Special edition of 25 boxed Jan Bons poster designs for De Appel (previously archived and exhibited), 2007
All these adventures actually leave you somewhat breathless. Boumans shows me a box full of fascinating print of which we can only show a small part. And there’s still more to discover stored in his attic, including masks, about which more, later.
Catalog covers German antiquities, 2000
Page for GWA website, 2009
Logos designed by Bart Boumans
One AKI mail art project was called Care, a title that expresses love. Each of his students contributed with whatever he or she wanted as long as it fitted in a chosen theme. The magazines were distributed to a network Boumans had discovered through his colorful Amsterdam-Mexican friend, Ulysses Carrion, reaching Italy, Korea, Brazil, and scores of other countries. The recipients and their circles of friends had to create a new issue and mail it throughout the network. Altogether twelve issued were produced, three of which came from Enschede, all wonderful experiments.
In 1996, Boumans left AKI after having put hundreds of designers on the road to professionalism. He remembers the students who did not stand out with most affection. “Of course, you notice the most talented ones immediately. But to see the others developing themselves too with a little prodding… that’s really satisfying.” His own talents grew, too. Sculpting got his devoted attention. At age eighteen, Boumans had sculpted his father’s portrait. It still has a place in his living room: a strong, characteristic face that just must resemble his father’s. “It’s really him,” confirms Boumans, who hadn’t thought about creating sculptures for forty years, but rediscovered the art as he was closing in on sixty. After sketching the defining lines of a face within five minutes, he is ready to start a clay portrait. The drawing is already a piece of art.
Clay portraits, 30 cm high, 2000s
After AKI came many catalogs, posters, books, logos and illustrations; he also collaborated on website designs and with art projects. And he kept teaching: in Utrecht, Zwolle and in Israel, too. Also, he taught stonecutters all about typography for monuments or gravestones. “Maybe I could have reached the top if I had concentrated on one aspect of my profession,” says Boumans. “But I have no regrets. I took on whatever I encountered. If it’s something new, I’ll go for it.” Like book binding and book restoration. Het Drukhuis had familiarized him with the craft. One of his students was man of letters Frans A. Jansen, who would become a professor of the history of the book and letterpress printing, thus continuing to feed the fire that Boumans had stoked.
Book binding and book restoration became his true passion and art form. For a friend he found a way to add more character to a newly bound volume of woodcuts created by Frans Masereel. For the flyleaf, red on one side and black on the other side, Boumans cut out the letter M (in sanserif); he glued a letter F to the front (black on red) as well as to the back (white on black), playing with the symmetry of the M. Very simple, very beautiful. Much heavier were the tomes he created, together with Hans van der Horst, for the famous hermetic library owned by Joost Ritman. They added parchment or leather to flat wooden covers for the books from the 12th or 14th century and attached letters from fonts that were created in the same periods, with the type in silver or gold. They went looking for the leather in Paris, where they also visited the extraordinary craftsman who made the stamps to their designs.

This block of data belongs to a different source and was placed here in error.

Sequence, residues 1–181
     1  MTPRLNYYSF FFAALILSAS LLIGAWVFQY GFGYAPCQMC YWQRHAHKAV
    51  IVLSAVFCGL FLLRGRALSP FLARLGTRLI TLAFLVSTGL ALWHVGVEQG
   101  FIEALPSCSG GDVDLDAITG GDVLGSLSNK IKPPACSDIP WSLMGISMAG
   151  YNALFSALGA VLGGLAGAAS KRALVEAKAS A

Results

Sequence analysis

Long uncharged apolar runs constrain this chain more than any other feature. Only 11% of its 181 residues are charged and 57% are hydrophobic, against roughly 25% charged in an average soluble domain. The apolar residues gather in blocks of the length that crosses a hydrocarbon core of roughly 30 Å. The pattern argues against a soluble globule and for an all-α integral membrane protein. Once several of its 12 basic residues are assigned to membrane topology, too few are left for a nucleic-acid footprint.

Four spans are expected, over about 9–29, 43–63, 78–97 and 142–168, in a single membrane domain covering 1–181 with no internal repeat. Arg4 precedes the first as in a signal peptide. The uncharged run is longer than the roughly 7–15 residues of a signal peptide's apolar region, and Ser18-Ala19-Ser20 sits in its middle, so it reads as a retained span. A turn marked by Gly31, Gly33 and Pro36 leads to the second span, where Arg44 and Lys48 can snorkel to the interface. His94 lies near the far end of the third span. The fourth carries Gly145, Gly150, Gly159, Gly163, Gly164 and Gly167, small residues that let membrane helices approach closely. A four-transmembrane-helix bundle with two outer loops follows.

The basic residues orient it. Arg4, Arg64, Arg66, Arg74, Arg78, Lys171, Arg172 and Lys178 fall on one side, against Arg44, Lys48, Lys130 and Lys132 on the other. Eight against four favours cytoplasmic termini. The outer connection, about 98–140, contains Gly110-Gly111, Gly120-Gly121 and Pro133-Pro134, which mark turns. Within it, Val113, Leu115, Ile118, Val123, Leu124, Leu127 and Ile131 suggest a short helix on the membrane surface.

Bart Boumans with AKI students, 2004
Cover design (Boumans and Van der Horst) of 15th-century philosophy tome from the Ritman Collection; green leather with gold type of Latin text and silver type of Middle German title; in box, 2005
Cover for Jewish ‘Spanish Bible’ from the Braginsky Collection, Switzerland, 2012
Text in Hebrew from cut-out letters on a multicolored background, 2011
“The cover design always has to represent the book’s contents,” says Boumans. “But you shouldn’t try to hide that the cover is made in our time. Through the ages, books have gotten new bindings, a new packaging.” Yet, when Boumans had taken a little much liberty with restoring a book about Plato from the 1300s, Ritman responded in fury. Ritman made peace again after an American expert had praised the work by sending Boumans a huge bouquet of flowers.
And then the masks. It happened a few years ago during one of Boumans’ frequent trips to Spain. He noticed some thick, wooden sheets cut from the base of palm trees. They had oval shapes about 60 cm long; they were pointed at the top and bent backward just a little from a centered vertical ridge. “Masks!” He bought them and cut and painted all kinds of faces, like magic. Soft colors were applied to the dark wood, creating eyes, a nose, a mouth, partly open, partly painted. They may have hair, from a broom or leaves. It is a newfound ‘tribal art’ related to ethnographics from Africa or Oceania. Boumans made some twenty of these masks. In 2013, they were exhibited in a contemporary sculptor’s studio, thus spontaneously connecting western and exotic cultures, thanks to the ever-renewing artist who started his life in art by designing a funny greeting card.
Exotic ‘masks’ on sheets from a palm tree base, Spain, 2010s
Author of the original text: Frans van Lier, November 2013
Translation and editing in English: Ton Haak
Final editing: Sybrand Zijlstra
Portrait photo: Aatjan Renders